By contrast Walmart's two stores in DC that are part of mixed use developments, multistory buildings mixing retail with either commercial space or housing, are both within one-half mile of Metrorail stations.
So it's fair to argue that the development on H Street east of 5th/6th Streets is mostly attributable to the streetcar. Or that the streetcar has accelerated the development of the sites.
It's definitely true for development east of Bladensburg Road. Jerry Zayets, was very clear about the streetcar line as being essential to their decision to develop so far away from a Metrorail station. As he said:
"We love infrastructure. Rail in the ground [and streetcar] is completely different from bus. Bus routes can change. Rails stay in place."
Developers and choice riders like rail more than bus. Rail service, previously in our area only heavy rail, but now about to include streetcar and eventually light rail (in Montgomery and Prince George's Counties in Maryland), is in-the-ground service that shapes decision making not just of developers but of residents in choosing where to live and businesses in choosing where to locate. Bus service doesn't compare.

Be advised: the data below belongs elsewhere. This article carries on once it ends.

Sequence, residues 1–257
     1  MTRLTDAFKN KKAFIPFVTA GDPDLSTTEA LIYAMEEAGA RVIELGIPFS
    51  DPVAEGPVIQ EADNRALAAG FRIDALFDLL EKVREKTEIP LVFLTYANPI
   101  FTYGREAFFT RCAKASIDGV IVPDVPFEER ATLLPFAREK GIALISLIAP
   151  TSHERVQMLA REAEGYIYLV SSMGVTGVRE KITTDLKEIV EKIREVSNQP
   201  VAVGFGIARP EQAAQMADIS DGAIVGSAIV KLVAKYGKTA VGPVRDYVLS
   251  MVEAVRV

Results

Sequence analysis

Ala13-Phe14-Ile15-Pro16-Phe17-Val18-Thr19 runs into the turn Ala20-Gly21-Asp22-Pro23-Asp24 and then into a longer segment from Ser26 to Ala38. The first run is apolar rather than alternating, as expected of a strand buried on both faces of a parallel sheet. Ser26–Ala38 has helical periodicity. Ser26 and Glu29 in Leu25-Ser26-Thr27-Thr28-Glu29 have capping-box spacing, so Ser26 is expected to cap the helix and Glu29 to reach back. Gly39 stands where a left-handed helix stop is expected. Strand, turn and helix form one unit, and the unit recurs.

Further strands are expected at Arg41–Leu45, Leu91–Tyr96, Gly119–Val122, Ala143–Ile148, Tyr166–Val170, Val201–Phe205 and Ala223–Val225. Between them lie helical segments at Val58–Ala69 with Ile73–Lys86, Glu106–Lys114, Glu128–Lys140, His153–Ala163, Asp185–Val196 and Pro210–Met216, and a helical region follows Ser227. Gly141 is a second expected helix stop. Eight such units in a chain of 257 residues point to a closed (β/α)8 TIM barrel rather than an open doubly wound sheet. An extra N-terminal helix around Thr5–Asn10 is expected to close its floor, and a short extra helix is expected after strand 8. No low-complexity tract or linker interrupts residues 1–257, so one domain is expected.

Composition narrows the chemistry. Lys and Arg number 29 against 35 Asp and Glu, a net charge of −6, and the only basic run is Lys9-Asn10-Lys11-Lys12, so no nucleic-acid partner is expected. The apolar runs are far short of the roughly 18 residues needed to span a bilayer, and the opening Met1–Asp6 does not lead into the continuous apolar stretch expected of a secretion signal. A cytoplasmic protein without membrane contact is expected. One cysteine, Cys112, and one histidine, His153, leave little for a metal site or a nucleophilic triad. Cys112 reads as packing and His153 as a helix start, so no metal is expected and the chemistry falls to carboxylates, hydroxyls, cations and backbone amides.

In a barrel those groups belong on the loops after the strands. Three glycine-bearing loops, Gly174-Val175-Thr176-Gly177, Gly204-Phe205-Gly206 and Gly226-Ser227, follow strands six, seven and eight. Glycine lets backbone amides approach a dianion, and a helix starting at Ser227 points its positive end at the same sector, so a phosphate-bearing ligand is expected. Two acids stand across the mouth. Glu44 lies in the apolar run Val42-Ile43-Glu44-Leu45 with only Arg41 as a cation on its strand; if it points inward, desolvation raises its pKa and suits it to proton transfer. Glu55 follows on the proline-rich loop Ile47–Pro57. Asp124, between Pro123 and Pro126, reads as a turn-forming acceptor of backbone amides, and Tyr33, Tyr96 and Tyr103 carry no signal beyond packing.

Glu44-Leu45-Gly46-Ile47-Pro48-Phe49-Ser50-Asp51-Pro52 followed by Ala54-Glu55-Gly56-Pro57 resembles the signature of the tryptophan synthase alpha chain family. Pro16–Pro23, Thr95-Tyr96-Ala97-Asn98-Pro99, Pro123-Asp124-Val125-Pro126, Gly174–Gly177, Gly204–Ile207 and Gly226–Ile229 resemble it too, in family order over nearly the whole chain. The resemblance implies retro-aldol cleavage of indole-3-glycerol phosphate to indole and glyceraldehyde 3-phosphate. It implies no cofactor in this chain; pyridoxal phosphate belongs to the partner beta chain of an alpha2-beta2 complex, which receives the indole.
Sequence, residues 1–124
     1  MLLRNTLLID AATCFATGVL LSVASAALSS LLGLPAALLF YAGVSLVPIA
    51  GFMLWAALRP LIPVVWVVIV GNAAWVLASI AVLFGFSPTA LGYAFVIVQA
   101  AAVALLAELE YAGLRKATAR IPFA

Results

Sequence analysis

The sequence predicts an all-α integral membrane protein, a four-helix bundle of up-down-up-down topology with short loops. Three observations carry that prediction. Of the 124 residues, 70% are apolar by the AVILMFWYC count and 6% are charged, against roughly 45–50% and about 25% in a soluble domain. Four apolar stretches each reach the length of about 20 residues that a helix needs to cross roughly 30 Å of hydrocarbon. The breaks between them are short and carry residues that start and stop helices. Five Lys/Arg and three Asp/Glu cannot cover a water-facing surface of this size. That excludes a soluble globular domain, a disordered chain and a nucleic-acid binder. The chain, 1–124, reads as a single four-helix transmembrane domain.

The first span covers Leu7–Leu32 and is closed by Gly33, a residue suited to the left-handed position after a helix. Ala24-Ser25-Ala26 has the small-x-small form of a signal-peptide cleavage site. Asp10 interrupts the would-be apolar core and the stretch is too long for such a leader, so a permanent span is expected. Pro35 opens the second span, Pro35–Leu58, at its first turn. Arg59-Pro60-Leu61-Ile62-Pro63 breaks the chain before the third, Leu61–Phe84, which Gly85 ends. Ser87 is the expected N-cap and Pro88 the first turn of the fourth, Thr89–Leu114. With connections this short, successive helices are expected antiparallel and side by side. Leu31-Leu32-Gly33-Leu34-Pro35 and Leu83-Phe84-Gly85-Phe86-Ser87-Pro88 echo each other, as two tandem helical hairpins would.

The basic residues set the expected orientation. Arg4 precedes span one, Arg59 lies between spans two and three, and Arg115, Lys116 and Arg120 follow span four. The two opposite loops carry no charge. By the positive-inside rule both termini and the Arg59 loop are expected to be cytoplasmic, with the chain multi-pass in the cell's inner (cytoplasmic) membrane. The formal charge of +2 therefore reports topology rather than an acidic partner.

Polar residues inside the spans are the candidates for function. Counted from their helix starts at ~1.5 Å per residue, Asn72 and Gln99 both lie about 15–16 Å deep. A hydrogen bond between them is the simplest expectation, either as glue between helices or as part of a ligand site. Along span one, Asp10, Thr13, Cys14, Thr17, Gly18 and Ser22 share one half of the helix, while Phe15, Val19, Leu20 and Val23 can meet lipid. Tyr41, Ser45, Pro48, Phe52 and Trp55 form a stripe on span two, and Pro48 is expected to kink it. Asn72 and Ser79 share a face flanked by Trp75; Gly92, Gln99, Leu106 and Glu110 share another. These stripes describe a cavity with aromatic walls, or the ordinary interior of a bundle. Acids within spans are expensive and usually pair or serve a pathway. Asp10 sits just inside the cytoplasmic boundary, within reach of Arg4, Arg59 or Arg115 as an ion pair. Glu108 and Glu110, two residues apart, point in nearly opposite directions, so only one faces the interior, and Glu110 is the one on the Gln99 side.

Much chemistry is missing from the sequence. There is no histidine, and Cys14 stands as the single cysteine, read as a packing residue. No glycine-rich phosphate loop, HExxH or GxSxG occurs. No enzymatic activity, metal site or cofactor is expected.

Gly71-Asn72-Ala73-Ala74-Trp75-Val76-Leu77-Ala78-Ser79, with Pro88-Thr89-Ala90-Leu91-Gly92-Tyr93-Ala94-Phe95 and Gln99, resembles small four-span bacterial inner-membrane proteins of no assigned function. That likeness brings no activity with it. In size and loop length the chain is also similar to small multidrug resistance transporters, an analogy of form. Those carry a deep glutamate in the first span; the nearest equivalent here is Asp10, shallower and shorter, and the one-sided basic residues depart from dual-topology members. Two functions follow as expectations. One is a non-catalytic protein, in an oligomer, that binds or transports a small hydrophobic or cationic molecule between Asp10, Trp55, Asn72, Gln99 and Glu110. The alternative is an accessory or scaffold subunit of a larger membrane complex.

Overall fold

Remember the quote from the other day?:
If choice riders aren't using transit then developers will pay little attention to transit availability when making development decisions.In 2003, I suggested that H Street Main Street should develop a "housing development policy" for our retail trade and interest area, including Bladensburg and Benning Roads, calling for mixed use redevelopment at Hechinger Mall and the extension of the city grid to the northern parking lots of RFK Stadium.